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Medicare Fraud Fight Would Be Harmed by House GOP Cuts, CMS Says

By Jane Norman, CQ HealthBeat Associate Editor

February 15, 2011 – Medicare and Medicaid's top fraud buster told a Senate panel that cuts in current year spending proposed by House Republicans would imperil the government's ability to reduce fraud, waste, and abuse in the public health programs.

Peter Budetti, director of the Center for Program Integrity at the Centers for Medicare and Medicaid Services, said that a spending reduction would be a "major impediment" for the agency. New initiatives could not be started and planned enhancements to data systems could not go forward, he said. It would force the government to fall back to a "pay and chase" mode rather than trying to prevent fraud in the first place, he said.

Senators at the Labor-HHS-Education subcommittee hearing also were intrigued by the idea of creating secure, tamper-free ID cards that could be used by Medicare beneficiaries similar to those now used by members of the military.

Sen. Mark Kirk, R-Ill., taking part in his first-ever hearing of the subcommittee, displayed one of the new ID cards issued by the Defense Department and said that they are being used by some 20 million members of the military and, to date, none have been connected to fraudulent use.

The hearing focused on fighting waste and fraud in Medicare and Medicaid, a perennial topic but one that Democratic Sen. Tom Harkin of Iowa, chairman of the subcommittee, said has never been more urgent. Spending on these programs is rising and the nation faces record deficits, Harkin said. President Obama in his 2012 fiscal year budget proposed $581 million in discretionary funds to fight health care fraud and waste.

In fiscal 2009, the subcommittee appropriated $198 million in discretionary funds for fraud prevention and enforcement and that rose to $311 million in 2010, said Harkin. If Congress had passed the omnibus spending bill, it would have risen to $471 million, he said.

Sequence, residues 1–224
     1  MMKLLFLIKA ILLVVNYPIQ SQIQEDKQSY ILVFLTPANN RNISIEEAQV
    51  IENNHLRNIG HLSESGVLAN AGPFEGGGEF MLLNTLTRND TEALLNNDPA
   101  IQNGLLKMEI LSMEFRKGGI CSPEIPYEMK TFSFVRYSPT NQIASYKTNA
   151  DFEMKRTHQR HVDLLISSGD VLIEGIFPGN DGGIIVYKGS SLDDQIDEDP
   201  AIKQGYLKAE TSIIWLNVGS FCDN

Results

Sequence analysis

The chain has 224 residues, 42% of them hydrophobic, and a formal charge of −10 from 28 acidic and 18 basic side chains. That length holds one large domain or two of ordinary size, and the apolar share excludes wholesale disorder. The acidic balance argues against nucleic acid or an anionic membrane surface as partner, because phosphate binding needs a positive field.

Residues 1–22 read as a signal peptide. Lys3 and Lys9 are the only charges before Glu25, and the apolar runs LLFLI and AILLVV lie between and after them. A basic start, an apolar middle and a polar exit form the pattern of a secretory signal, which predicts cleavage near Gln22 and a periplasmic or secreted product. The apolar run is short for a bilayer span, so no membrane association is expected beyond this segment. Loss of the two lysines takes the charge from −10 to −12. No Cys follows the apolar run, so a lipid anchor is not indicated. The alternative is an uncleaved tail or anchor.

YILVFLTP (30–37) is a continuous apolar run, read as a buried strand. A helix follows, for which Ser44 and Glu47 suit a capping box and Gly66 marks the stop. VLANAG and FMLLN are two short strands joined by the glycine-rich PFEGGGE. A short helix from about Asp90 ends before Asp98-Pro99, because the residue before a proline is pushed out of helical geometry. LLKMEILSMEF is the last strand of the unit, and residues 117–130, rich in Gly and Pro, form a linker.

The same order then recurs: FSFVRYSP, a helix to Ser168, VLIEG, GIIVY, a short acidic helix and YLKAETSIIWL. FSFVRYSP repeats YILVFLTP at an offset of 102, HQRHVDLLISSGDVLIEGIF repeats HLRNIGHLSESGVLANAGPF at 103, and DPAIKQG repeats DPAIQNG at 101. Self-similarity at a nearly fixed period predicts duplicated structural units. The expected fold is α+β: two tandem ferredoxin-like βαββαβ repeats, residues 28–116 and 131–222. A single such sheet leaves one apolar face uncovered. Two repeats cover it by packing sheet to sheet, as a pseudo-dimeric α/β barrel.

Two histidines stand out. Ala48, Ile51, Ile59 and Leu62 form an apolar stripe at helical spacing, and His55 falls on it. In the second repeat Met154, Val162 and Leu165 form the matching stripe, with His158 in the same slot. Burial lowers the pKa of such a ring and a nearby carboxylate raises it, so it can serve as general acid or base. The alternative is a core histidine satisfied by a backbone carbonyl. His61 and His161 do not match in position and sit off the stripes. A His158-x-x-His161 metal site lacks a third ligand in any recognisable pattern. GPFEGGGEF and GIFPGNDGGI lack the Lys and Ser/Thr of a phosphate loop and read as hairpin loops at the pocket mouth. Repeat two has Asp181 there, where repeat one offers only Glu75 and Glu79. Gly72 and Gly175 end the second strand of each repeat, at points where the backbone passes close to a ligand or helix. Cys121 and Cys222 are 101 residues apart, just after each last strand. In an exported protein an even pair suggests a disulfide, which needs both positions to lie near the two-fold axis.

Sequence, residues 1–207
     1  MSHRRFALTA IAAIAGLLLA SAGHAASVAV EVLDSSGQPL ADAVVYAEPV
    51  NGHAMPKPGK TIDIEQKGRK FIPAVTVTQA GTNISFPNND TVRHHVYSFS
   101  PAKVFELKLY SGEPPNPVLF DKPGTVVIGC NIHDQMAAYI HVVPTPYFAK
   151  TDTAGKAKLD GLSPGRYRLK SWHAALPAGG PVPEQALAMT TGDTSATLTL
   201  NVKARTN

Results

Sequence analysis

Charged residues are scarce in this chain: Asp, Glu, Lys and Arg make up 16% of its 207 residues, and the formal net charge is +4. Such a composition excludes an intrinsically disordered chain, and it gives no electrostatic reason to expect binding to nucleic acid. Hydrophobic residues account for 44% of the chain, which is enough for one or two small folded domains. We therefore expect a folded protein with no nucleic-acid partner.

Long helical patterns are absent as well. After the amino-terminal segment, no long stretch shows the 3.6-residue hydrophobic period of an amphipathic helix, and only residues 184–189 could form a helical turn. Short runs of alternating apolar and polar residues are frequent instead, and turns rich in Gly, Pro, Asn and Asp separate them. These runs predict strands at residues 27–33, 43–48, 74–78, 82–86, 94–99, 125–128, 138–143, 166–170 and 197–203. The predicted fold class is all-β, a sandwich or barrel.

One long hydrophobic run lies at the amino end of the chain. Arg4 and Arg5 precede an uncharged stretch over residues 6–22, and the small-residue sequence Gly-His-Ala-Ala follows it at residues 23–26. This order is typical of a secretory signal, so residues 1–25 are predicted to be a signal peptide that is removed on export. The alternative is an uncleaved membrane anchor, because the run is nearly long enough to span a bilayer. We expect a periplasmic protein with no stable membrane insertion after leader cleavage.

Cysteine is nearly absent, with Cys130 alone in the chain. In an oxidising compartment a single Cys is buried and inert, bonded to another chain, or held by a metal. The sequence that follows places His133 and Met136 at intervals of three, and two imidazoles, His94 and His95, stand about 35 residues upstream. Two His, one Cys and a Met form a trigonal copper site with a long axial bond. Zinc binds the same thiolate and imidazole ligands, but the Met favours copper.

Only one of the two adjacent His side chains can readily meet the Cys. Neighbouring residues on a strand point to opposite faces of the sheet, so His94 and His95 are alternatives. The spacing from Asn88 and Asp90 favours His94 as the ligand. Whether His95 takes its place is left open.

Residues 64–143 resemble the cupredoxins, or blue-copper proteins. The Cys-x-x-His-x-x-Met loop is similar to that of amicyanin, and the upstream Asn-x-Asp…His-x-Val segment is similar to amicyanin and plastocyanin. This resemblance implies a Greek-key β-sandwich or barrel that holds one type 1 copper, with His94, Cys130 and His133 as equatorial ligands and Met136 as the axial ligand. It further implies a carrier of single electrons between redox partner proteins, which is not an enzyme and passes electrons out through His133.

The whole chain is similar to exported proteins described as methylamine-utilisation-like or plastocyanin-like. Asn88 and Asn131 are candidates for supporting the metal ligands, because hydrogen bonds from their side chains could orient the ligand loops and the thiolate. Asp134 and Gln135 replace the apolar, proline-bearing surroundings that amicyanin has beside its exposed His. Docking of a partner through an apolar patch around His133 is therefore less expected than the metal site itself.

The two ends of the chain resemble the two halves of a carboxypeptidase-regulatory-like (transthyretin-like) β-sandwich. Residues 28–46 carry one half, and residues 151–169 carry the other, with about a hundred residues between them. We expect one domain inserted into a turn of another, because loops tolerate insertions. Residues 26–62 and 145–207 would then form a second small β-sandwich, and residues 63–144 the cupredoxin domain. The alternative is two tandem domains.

"Unfortunately, House Republicans seem determined to undermine these efforts," said Harkin, and a continuing resolution for current-year spending proposed by the GOP would reduce the $471 million omnibus spending level by $160 million.

"That is penny-wise, pound-foolish budgeting," said Harkin, because cutting down on waste and fraud is said by government officials to return $7 to the government for every $1 spent.

In proposing their cuts, Republicans have said it's necessary for the government to pare back spending and it has to begin with the current year.

Budetti said the increased funding has been essential, including paying for regional fraud summits and new computer programs that can help identify complex Medicare fraud schemes. The agency also relies on senior patrols made up of beneficiaries who help identify fraud in their communities.

"Eliminating the problem requires a long-term, sustained commitment," he said.

Tony West, assistant attorney general in the civil division of the Justice Department, said that DOJ recognizes the urgency of fighting health care fraud not just because it wastes money but because it harms the programs' integrity. He said that since January 2009, the civil division, working with HHS, has recovered more than $8.5 billion in health care fraud cases, more than in any other two-year period.

But senators wondered if more accurate identification of beneficiaries might help even more. Kirk, holding up one of the military ID cards, said the Medicare card is outdated. The military "common access" cards, which Kirk said cost about $8 each, include a head shot photo, signature, computer chip and bar codes. "To my knowledge DoD has yet to find a counterfeit version of this," said Kirk. The cost of producing such cards might be offset by the benefits in reducing fraud, he said.

Budetti said CMS is open to the idea and has begun exploring it. "We are in the process of looking into exactly what you just mentioned. Over the years this has been looked at," said Budetti. "The emphasis, in my opinion, has been largely on the costs of switching over. I think it is time, as you mentioned, that we also look at what the payoff would be of doing exactly that and decide whether that is a good investment." He said the Center for Program Integrity recently launched a limited pilot study on the benefits of using card reading technology.

Kirk said that if the government already has 20 million of such cards in use for the military, it should be possible to extend the program to the more than 40 million Medicare beneficiaries. The subcommittee could fund a project on such cards or direct CMS to look into the idea, he said.

Harkin appeared interested, and pointed out Medicare cards are not even used much now other than to supply a provider with an ID number. Budetti said "this would not be a simple overnight change or an inexpensive one" but "it's definitely worth thinking about."

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